Literary art form revived with bookplates on show

Book art: Book plate commissioned by Mark Ferson.
Book art: Book plate commissioned by Mark Ferson.

KOGARAH Library has scored an unusual exhibition — a New Australian Bookplate Society exhibition entitled Bookplates Old and New. It's the society's first.

The exhibition, starting on July 24, will be opened by Australian contemporary and indigenous art patron Pat Corrigan, AM, a collector of Australian bookplates for more than 40 years.

And what is a bookplate, anyway?

Society president Mark Ferson says it's "a label made to be pasted inside the cover of the book to mark its ownership".

So, rather than scribbling their names on an inside page, book lovers commission an artist to draw up something nice, such as Dr Ferson's kingfisher designed for him by Brisbane artist Kathryn Lovejoy.

Dr Ferson said bookplates have been used since printing from moveable type was invented in Germany in the 15th century.

Bookplates were popular in Sydney between the two world wars, when it became the "done thing" to have a bookplate designed by one of the fashionable artists.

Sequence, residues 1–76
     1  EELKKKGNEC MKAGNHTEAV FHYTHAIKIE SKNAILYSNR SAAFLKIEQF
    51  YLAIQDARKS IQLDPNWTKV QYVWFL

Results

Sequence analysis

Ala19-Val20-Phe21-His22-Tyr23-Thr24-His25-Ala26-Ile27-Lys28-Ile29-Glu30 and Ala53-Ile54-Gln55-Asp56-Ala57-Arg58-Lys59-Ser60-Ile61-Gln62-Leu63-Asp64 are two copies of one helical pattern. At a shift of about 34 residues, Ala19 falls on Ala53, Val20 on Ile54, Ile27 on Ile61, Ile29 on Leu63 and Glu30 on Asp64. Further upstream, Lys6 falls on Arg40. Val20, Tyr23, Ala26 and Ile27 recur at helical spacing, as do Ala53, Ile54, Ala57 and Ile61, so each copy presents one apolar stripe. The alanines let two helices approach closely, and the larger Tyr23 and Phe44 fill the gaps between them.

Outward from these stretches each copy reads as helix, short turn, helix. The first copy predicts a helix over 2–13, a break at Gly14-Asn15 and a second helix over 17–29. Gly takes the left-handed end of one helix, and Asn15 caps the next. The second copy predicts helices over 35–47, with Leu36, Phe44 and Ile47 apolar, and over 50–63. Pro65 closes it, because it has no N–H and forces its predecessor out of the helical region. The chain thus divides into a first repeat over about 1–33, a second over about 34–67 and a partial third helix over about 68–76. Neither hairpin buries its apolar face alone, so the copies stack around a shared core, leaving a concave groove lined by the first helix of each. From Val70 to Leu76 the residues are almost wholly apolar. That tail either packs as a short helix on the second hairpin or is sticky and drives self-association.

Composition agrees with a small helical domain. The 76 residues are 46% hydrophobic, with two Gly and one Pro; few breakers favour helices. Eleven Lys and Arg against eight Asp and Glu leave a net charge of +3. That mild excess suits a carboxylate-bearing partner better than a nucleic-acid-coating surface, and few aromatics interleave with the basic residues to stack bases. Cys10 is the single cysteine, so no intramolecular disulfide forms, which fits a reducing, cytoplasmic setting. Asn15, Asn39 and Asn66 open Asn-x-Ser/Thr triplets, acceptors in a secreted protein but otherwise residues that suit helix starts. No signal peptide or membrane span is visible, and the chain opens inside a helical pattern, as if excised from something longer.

Adrian Feint, G D Perrottet, Eirene Mort, Ella Dwyer, Lionel and Norman Lindsay, G Gayfield Shaw and Pixie O'Harris each designed between 40 and 200 bookplates in those years.

"The advent of World War II largely killed off interest in bookplates but since the late 1980s interest has picked up again due to Pat Corrigan's efforts to commission Australian artists to execute bookplates for himself and members of his family," Dr Ferson said.

"The writings of other passionate collectors such as Robert Littlewood in Melbourne and Robert Holden in Sydney have also helped to rekindle the flame."

The New Australian Bookplate Society was formed in 2006 to raise awareness of bookplates, both historical and contemporary.

Members include a number of bookplate designers who have received commissions from fellow members and from other booklovers.

Some have hundreds of bookplates.

"The exhibition will feature an Albrecht Dürer woodcut bookplate which is more than 500 years old," Dr Ferson said.

The exhibition will open at 7pm on Wednesday, July 24, and can be seen until August 9.